This picture, taken last month, is just to say, "I'm still jumping, nine years later." The accident was on June 18, 2000, and I had more than 2,000 skydives at that time. I started jumping when I was 47, and it was just a fluke that I made a tandem, but then I got hooked. That, however, is a story for another time.
I was filming a 4-way group, similar to the last picture in this post, with a camera mounted on my head. After opening, I noticed that the area where I wanted to land was a little far away, but I wasn't too worried. I just headed into the wind and flew that direction. Hmmm. I noticed the wind was pretty strong, shortening up my trajectory across the ground. No worries, though; the landing area was plenty big.
But as I got closer to the ground, the wind became stronger, and I wasn't going to clear the barbed-wire fence below me, as everyone else on the plane had done. I hesitated, not knowing what to do. In my mind I saw myself hitting that fence and becoming entangled in the heavy barbs. When I was about twenty feet off the ground I was sure I would hit the fence, so I made a turn close to the ground, to avoid it.
Any skydiver knows that you should NOT turn close to the ground, because, just as planes do, when you turn you lose altitude, or lift, in order to make that turn. I slammed into the ground, hard, my right hip taking the brunt of the hit. I knew I was hurt and tried to get my parachute under control in the wind while moving as little as possible. People came running towards me. "Are you hurt?"
"Yes. Bad. Call an ambulance."
They did, while my friends took my gear off me and I lay there waiting. When the ambulance team arrived, they told me they would need to move me to a backboard to get me in the ambulance. When they did, I felt the most excruciating pain and was immediately whisked to the hospital. What had happened is that my shattered right sacrum had severed the internal iliac artery. I felt the blood filling my stomach. The ambulance staff put a heavy lead blanket over my hips, which probably saved my life. I learned that an artery will clot if you can immobilize the patient. A Flight for Life helicopter got me to a larger hospital.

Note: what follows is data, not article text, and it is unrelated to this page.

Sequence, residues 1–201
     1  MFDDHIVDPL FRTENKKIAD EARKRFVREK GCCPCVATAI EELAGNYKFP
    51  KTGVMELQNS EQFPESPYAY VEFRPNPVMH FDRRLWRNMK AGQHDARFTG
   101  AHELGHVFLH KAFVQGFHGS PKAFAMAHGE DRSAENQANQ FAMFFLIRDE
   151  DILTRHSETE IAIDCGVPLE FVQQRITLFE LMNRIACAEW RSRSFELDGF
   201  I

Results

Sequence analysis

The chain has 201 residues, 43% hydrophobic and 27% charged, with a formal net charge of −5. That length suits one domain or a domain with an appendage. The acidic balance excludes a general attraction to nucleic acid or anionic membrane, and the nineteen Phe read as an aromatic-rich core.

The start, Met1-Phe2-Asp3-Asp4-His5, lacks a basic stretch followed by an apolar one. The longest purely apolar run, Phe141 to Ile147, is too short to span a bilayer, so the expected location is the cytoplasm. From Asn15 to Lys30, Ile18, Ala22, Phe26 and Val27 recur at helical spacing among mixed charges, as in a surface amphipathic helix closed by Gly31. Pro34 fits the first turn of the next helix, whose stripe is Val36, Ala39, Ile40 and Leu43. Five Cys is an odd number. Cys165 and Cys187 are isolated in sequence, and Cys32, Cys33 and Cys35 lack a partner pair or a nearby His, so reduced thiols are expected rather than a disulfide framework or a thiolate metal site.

I remember the bright lights as I was wheeled into surgery. The doctors told me they would stabilize the bleed and if possible, fix me at the same time. I woke later to my surgeon's face inches from mine, and he said, "We fixed you up; you're going to be just fine." I slept.
When I woke again, I was surrounded by family and friends. My husband stayed with me until he knew for sure I would survive. I had an external fixator drilled into my hip bones, crossing in front. The surgeon had gone into my pelvis through a small incision on my right butt cheek and put in two 7-inch-long pins, needed in order to fix the shattered sacrum. I had six other breaks in my pelvis on top of the sacrum injury. A plug had been placed in the severed artery instead of reattaching it. No artery down that leg any more.
I spent a week in the hospital and another two weeks in a rehab hospital, and then my husband brought me home. I had to go up 15 stairs to get into the apartment, which was accomplished by sitting on the steps facing backwards and pulling myself up, one by one. I didn't leave the apartment for a long time. My husband took wonderful care of me, dressing the holes where the fixator went in several times a day. He cooked, he cleaned, he emptied my porta-potty, he did everything for me.
At Christmastime 2000, we went to Eloy, Arizona, for me to make my first jump back into the sky, almost exactly six months later. Now I can hear you saying, "why in the world would you want to jump again?" Skydivers are the only ones who would understand the reason why. I was 58 years old and terrified, but during that six months, I vowed that I would learn what I had done wrong and teach others how to avoid the same mistake. And that's just what I did. With the coaching of my wonderful husband, I learned how to fly my canopy with much greater confidence and skill.
This is a picture of me in Arizona 2003, flying my canopy. I have made almost 2,000 jumps since June 2000, with (as of today) a total of 4,021. I don't jump as much as I used to, and I no longer teach, but I do enjoy going to Snohomish or Pitt Meadows and making a few jumps for fun, sometimes with my husband, and sometimes with other friends who like to play in the sky with me.
The one in the purple is me. (Click to enlarge and see my big grin.) I am jumping here with the best skydivers in the world, Arizona Airspeed, because I had won a raffle jump during the Christmas holiday event. This is how they raise money to travel all over the world and compete. This was one of the most fun skydives I ever made! I also continue to support them by buying raffle jumps when I'm there, hoping that maybe one day I'll win again.
But to tell you the truth, I feel like I won the best prize of all: being able to run and jump and play again. The rehab was long and hard, but it was worth it. I will never be completely whole again, but I'm good enough. I hiked up 3,500 feet over 9 miles last Thursday, and today I'll play in the mountains with my friends, and Sunday I'll play with my skydiving buddies in Snohomish. I'm good.